Alison Hinds and Yvette Noel-Schure. Photo credit: The District
Alison Hinds is the soca queen and everyone at Sunday’s Women’s Empowerment Luncheon was exuberant to jump and wine once again to ‘Roll’, ‘Faluma’, ‘Bazodee’, ‘Raggamufffin’, “Pull up to my bumber, boy, and I-yie-yie!” to name a few as she reminded us how extensive, infectious, and intoxicating her discography is – the lawn at Government House has never seen such behaviour from so many floral-dressed (per the theme), and well-heeled ladies.
One of the well-heeled ladies.Photo credit: Aaliyah Rayne
Hinds’ singing was spontaneous and unexpected. She was there only to speak and she had, moving the crowd with her reflections on not only her career of firsts – including first soca queen, first woman to win road march in Barbados, first to fill stadiums across the Caribbean and the world – but her life. In its second year, the event, organized by former Carnival Queen Derri C. Browne, owner of The District (a boutique), offered attendees the opportunity to find fellowship in other women’s company, in their stories, in their bold and vulnerable telling of their stories. In the Bajan superstar’s case, this included how she came to move to Bim after a childhood in the UK and how she blossomed in the Caribbean sunshine, away from the racist shadow of that other world. She was as candid about separating from and reconciling with her dad as she was about how she got in to soca at all. She lifted the veil off of the world of soca to explore some of the challenges particular to women such as inappropriate touching and people writing her off after she married and gave birth to her daughter. She declared first in word and then in action that she isn’t nearly ready to hang it up yet.
Older by more than a decade, Singing Sandra of Trinidad, spoke of the feistiness she had to harness to plant her feet in the male dominated world of calypso. She spoke as well of the ways that women undermine each other; capping it all off with a message of self-love even and especially in the face of obstacles. Then she, who was scheduled to perform, rendered two songs including several audience participation encores of “they go keep their money, ah go keep my honey, and die with my dignity” – with local calypso queen GeeBee getting in on the action and impressing Sandra, who yielded the mic to her at one point.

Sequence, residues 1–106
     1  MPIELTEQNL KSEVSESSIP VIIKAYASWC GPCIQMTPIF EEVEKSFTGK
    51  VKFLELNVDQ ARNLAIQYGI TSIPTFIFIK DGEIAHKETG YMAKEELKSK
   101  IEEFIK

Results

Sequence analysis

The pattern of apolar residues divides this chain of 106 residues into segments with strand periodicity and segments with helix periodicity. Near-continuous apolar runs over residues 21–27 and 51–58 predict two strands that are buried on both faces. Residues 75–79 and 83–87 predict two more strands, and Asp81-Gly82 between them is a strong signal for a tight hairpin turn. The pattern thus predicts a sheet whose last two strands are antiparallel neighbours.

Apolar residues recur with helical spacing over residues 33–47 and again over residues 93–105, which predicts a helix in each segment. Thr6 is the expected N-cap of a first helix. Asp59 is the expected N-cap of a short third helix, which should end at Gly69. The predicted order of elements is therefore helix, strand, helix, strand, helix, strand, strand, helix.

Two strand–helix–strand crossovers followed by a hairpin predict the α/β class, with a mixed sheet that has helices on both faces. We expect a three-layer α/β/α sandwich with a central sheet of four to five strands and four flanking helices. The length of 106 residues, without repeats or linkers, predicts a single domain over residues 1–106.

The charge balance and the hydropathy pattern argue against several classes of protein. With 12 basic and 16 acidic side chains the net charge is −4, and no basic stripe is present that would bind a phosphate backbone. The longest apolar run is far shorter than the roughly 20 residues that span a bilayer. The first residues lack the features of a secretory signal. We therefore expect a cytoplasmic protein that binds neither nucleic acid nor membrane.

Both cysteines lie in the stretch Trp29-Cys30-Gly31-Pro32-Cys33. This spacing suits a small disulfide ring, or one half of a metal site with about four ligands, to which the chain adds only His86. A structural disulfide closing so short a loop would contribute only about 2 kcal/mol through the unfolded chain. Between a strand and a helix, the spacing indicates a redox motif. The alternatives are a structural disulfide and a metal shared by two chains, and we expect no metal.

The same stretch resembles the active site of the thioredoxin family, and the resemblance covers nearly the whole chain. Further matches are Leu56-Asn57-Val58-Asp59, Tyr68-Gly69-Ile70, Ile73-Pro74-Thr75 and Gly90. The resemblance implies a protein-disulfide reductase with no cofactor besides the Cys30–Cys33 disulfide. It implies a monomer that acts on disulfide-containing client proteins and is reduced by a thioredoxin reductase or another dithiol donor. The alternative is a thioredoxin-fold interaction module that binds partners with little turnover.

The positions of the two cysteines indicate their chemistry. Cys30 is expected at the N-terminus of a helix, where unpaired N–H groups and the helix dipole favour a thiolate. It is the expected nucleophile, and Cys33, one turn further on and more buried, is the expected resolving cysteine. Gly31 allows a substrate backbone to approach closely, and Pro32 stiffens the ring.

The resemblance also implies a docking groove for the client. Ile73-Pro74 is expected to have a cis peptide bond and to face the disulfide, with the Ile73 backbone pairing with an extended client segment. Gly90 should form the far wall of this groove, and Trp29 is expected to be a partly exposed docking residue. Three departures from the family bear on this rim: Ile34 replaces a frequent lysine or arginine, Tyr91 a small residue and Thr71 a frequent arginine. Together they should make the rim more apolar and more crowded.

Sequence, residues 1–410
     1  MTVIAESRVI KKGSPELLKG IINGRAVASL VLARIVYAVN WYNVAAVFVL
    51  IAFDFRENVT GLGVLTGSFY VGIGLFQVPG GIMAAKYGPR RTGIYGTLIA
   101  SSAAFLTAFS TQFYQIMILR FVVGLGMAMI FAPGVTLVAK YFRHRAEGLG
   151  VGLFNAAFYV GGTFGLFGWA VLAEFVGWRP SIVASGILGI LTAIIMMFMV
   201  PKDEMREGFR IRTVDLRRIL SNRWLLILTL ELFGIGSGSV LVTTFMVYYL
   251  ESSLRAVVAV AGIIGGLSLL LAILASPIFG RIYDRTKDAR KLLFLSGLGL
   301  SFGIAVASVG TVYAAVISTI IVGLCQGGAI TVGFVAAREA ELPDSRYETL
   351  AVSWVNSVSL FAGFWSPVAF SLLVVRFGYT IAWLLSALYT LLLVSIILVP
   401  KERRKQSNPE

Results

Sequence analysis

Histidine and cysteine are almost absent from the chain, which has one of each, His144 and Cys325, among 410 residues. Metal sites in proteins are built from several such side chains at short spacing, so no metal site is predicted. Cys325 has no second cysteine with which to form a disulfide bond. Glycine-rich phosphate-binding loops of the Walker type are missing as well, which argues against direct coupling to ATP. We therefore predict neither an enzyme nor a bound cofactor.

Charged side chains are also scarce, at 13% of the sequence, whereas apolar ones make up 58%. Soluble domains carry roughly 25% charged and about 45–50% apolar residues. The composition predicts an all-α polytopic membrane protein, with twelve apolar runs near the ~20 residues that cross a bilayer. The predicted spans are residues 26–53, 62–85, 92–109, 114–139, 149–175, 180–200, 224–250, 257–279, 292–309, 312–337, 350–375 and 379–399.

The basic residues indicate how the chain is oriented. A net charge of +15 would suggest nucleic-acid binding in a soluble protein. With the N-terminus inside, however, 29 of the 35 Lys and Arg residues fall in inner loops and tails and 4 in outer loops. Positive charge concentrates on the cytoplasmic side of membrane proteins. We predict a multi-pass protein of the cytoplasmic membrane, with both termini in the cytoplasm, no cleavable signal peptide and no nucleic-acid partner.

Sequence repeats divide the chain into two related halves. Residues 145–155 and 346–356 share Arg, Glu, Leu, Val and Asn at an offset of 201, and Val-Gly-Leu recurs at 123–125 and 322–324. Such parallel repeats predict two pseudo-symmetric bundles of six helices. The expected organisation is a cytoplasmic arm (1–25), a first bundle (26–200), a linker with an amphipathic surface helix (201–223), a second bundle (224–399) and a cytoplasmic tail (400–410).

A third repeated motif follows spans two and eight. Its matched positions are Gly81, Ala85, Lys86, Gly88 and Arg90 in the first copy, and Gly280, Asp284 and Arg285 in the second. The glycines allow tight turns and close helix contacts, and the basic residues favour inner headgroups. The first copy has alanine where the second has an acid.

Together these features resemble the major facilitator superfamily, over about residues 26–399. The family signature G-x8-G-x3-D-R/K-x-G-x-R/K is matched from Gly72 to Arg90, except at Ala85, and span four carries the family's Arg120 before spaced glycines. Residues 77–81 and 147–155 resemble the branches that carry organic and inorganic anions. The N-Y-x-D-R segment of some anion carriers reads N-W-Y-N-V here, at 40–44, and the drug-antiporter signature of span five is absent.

Video by Aaliyah Rayne
Asher Otto (featured in a previous Creative Space) is an Antiguan island gem with strong pipes and presence worthy of bigger stages. Her set of original songs, including ‘Home’ and ‘Come for Me’, are “catchy” – as described by one young lady in attendance who was previously unfamiliar with Otto and Itchyfeet’s catalogue.
Noreen Philips, she of the show stopping fashion, gave a quick but not insignificant presentation that touched on her philanthropic efforts – specifically as concerned the Clare Vue Hospital, identified beneficiary of proceeds from the event.
Young clinical psychologist Tiffany Smith was impactful in her discussion re mental health issues in the region and our need to acknowledge it; a theme touched on in a very personal way by Yvette Noel-Schure, publicist to celebrities like Beyoncé. The native of Grenada, however, wasn’t there to talk up her star-studded roster but to open up about her mother’s mental health issues and her role as caregiver; and to emphasize the need for self-care – acknowledging you’re not okay, seeking therapeutic help, venting through writing or to a trusted friend, and insisting on personal time, for instance. Her own philanthropic efforts in the African country of Burundi where water is a scarce commodity and girls are especially vulnerable also proved inspiring.
On the point of acknowledging what’s wrong, award winning African American journalist Natasha Alford spoke of her go-go-go mentality even when battling autoimmune disease which finally forced her to stop and take care – an instructive testimony.
Also testifying was entrepreneur Melinda Fletcher, an Antigua-based, St. Lucia born and Barbados raised event planner and property manager. She spoke of the challenges of her single mother and of school becoming a safe haven for her, so much so that she felt cut adrift when her more privileged friends took off for other opportunities while she struggled to find her way. But she did. It was a reminder that it’s not where you start but where you’re going.
All consistent with the vibe of the event. Of course, we had to leave the oasis-like feeling of the event, and real life is what it is, but hopefully we can carry some message from the day and feel empowered as we step back in to the thick of it.
This sponsored post is part of the online edition of Antiguan and Barbudan writer and journalist Joanne C. Hillhouse’s culture-and-arts-focused CREATIVE SPACE series. Businesses are encouraged to support (i.e. advertise with) the series – boosting their brand while boosting local art and culture.